Turner now revealed to the audience that earlier in the evening the ship had received a warning by wireless of fresh submarine activity off the Irish coast. He assured the audience there was no need for alarm.

Coming from another man, this might have sounded like a baseless palliative, but Turner believed it. He was skeptical of the threat posed by German submarines, especially when it came to his ship, one of the great transatlantic “greyhounds,” so named for the speeds they could achieve. His superiors at Cunard shared his skepticism. The company’s New York manager issued an official response to the German warning. “The truth is that the Lusitania is the safest boat on the sea. She is too fast for any submarine. No German war vessel can get her or near her.” Turner’s personal experience affirmed this: on two previous occasions, while captain of a different ship, he had encountered what he believed were submarines and had successfully eluded them by ordering full speed ahead.

He said nothing about these incidents to his audience. Now he offered a different sort of reassurance: upon entering the war zone the next day, the ship would be securely in the care of the Royal Navy.

He bade the audience good night and returned to the bridge. The talent show continued. A few passengers slept fully clothed in the dining room, for fear of being trapped below decks in their cabins if an attack were to occur. One especially anxious traveler, a Greek carpet merchant, put on a life jacket and climbed into a lifeboat to spend the night. Another passenger, a New York businessman named Isaac Lehmann, took a certain comfort from the revolver that he carried with him always and that would, all too soon, bring him a measure of fame, and infamy.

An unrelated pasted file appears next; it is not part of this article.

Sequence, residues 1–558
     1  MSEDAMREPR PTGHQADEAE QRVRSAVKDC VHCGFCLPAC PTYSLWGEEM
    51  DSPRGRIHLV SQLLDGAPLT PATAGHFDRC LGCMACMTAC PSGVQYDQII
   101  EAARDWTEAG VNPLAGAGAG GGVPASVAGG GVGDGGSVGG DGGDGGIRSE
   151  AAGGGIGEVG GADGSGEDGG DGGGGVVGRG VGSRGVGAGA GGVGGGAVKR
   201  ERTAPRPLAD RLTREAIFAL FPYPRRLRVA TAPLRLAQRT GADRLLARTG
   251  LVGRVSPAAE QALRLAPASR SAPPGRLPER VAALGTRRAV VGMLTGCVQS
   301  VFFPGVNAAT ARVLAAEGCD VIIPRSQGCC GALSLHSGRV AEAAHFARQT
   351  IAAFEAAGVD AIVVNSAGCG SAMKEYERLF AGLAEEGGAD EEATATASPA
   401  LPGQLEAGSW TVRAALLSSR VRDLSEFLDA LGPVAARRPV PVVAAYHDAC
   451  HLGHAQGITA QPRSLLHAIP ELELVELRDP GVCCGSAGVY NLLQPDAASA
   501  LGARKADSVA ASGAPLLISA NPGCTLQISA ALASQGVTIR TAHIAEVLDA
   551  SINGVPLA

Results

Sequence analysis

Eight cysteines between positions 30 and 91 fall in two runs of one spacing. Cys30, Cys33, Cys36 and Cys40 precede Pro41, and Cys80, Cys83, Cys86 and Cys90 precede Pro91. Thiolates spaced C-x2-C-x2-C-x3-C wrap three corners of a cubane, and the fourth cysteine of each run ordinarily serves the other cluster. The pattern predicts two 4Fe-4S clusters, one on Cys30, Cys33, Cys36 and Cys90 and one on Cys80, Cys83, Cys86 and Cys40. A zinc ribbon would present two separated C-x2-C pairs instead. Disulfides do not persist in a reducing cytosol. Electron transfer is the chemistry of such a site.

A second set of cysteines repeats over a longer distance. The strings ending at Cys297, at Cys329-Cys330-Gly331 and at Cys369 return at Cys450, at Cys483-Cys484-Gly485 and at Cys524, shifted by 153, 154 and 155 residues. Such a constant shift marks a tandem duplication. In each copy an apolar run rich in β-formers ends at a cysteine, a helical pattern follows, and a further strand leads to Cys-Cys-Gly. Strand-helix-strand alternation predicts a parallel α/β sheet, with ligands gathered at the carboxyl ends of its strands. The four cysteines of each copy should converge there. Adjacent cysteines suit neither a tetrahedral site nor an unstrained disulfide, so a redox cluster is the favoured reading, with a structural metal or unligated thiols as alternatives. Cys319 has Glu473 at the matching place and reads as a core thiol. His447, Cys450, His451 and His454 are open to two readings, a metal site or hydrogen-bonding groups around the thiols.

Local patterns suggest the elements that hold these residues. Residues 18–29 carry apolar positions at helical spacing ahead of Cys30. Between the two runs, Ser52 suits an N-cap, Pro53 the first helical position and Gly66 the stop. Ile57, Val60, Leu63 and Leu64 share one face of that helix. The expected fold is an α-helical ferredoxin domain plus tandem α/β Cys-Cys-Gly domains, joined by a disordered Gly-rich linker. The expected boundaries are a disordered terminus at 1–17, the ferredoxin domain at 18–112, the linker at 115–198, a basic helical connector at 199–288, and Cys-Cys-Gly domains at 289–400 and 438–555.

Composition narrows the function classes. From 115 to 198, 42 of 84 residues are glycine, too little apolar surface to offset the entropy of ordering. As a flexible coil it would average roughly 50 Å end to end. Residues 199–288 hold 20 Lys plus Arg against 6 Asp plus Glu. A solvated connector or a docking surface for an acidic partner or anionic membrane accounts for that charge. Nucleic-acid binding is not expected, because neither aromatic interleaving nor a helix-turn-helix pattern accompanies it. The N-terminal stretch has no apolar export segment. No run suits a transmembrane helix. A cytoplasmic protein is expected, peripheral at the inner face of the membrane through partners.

With all but a few lights extinguished and all shades pulled and curtains drawn, the great liner slid forward through the sea, at times in fog, at times under a lacework of stars. But even in darkness, in moonlight and mist, the ship stood out. At one o’clock in the morning, Friday, May 7, the officers of a New York–bound vessel spotted the Lusitania and recognized it immediately as it passed some two miles off. “You could see the shape of the four funnels,” said the captain, Thomas M. Taylor; “she was the only ship with four funnels.”

Unmistakable and invulnerable, a floating village in steel, the Lusitania glided by in the night as a giant black shadow cast upon the sea.

Excerpt and giveaway prizes provided by Random House.

Enter below to win a signed copy of Erik Larson’s Dead Wake, or preorder here for a signed bookplate.

Kelly Gallucci
Far too busy rereading the Harry Potter series, Kelly finds that her greatest literary sin is that she neglected to read classics like The Shining and The Perks of Being a Wallflower. In between overseeing the editorial content for Bookish, holding interviews with authors like Isaac Marion and Lauren Beukes, and creating book recommendations for Kanye West—Kelly’s trying to catch up on the books she missed out on. She just finished The Great Gatsby and might be in love with Fitzg. Kelly received her B.A. in English Writing from Marist College and her M.A. in Screenwriting from National University of Ireland, Galway.